George Clausen was born in London in 1852, his mother being Scottish while his father was from Denmark. Clausen’s father was artistically minded, and was employed as an interior decorator. Clausen at first followed in his father’s trade but in 1867 began to attend evening classes at the National Art School, which is now the Royal College of Art, in South Kensington. There he studied under the painter Edwin Long and it had been Long who convinced the younger painter to pursue art as a full time career.

In 1875 Clausen travelled to Holland and Belgium where he became influenced by Dutch naturalism. In 1881, he married Agnes Webster and the couple lived in Berkshire where the surrounding countryside provided the artist with rural scenes for his work. In 1882 Clausen left for France where he studied briefly at the Académie Julien, Paris and while there, visited the studios of French salon painters, including Carlus-Duran. In France Clausen became interested in the out-of-doors realism of Juels Bastien-Lepage.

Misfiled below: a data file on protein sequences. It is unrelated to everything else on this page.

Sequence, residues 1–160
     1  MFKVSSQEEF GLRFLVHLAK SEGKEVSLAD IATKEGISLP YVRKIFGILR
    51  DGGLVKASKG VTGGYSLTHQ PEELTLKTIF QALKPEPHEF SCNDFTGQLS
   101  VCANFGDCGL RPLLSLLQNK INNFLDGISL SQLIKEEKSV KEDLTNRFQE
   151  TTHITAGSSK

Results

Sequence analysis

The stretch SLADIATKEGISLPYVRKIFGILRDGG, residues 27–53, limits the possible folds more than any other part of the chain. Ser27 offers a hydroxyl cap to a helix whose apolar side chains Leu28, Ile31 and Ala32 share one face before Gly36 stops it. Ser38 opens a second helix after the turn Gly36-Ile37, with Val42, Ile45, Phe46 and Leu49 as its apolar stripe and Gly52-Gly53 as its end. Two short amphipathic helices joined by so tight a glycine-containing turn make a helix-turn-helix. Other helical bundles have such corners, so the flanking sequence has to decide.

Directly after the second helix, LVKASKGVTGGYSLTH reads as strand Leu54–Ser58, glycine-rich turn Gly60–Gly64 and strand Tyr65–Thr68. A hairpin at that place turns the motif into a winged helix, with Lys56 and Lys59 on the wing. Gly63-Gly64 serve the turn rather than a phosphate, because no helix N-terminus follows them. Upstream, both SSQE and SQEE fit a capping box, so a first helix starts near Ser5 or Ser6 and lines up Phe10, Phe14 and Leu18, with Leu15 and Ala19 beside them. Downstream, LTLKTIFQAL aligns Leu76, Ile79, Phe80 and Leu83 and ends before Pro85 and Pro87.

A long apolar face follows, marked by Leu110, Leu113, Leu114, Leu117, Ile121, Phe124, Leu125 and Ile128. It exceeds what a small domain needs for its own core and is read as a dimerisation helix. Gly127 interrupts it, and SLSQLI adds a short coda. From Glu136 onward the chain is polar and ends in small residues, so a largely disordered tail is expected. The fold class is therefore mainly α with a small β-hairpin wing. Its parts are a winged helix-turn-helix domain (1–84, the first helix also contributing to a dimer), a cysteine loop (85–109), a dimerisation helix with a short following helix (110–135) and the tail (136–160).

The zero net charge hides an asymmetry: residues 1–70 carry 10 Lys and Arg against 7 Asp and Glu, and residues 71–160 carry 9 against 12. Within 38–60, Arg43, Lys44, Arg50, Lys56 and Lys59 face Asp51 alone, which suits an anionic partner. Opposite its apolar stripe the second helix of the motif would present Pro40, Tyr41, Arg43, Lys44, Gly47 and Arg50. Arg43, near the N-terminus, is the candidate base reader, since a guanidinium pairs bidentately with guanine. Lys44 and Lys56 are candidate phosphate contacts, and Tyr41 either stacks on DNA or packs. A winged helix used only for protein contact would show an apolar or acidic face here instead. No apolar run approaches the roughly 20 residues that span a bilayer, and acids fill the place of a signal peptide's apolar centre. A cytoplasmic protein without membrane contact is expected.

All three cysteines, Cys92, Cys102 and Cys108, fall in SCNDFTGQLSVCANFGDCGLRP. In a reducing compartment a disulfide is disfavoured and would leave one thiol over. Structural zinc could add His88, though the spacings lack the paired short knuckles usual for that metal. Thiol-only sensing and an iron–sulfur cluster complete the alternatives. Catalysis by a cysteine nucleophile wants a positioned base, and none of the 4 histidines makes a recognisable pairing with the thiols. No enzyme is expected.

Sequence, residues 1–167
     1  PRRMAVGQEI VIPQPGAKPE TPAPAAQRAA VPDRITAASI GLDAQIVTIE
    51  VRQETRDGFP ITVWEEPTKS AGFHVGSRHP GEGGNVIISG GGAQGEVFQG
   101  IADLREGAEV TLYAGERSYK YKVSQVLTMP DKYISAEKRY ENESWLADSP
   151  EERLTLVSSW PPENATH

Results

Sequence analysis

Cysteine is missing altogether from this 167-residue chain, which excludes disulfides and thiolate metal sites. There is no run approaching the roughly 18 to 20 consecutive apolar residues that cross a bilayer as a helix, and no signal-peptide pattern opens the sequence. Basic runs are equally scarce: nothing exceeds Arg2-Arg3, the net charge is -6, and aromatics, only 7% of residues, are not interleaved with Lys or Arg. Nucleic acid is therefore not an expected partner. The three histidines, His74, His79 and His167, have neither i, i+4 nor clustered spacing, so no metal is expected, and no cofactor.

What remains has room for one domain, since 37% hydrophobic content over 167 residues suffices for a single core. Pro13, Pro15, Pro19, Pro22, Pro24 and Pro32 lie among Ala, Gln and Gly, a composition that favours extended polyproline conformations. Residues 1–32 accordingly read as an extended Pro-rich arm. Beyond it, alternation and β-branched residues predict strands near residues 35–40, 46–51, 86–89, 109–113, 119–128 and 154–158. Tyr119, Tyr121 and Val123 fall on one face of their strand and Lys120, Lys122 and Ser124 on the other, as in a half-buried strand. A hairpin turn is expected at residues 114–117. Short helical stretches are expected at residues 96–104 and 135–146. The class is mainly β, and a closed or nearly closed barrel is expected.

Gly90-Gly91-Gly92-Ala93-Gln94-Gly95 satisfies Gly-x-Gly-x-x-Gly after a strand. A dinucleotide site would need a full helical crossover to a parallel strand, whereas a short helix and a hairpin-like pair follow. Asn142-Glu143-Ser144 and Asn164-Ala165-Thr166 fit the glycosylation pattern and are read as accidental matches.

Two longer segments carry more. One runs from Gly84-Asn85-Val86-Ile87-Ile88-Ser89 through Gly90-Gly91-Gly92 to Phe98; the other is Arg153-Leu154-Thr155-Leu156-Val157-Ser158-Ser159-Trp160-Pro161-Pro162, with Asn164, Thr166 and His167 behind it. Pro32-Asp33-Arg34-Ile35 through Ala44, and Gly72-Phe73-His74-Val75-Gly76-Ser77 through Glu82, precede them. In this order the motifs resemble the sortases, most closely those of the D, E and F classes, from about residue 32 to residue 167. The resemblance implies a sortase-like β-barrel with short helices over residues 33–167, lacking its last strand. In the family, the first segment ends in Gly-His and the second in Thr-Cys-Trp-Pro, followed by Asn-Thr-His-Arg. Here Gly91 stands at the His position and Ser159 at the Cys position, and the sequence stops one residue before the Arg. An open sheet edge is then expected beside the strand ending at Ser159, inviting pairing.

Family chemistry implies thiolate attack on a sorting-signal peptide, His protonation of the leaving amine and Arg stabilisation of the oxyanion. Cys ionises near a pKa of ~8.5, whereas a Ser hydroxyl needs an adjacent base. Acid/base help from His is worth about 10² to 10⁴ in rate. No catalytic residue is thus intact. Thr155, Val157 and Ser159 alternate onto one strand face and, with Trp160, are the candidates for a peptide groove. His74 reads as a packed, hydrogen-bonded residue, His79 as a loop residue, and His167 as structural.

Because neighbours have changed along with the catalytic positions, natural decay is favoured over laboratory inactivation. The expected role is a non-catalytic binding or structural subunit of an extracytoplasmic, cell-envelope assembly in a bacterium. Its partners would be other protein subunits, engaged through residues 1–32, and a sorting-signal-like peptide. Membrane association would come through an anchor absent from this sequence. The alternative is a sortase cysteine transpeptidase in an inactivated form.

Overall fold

On return to England, he formed the New English Art Club in 1886 which adhered to the French plein-air style of painting. The artist was elected ARA in 1895 and RA in 1908. From 1903-6 he was appointed to the position of Professor of Painting at the Royal Academy. He received many honours during his lifetime. In 1893 Clausen was awarded an honorary membership in the Art Workers Guild and during World War I he served as an official war artist. In 1927 he was knighted.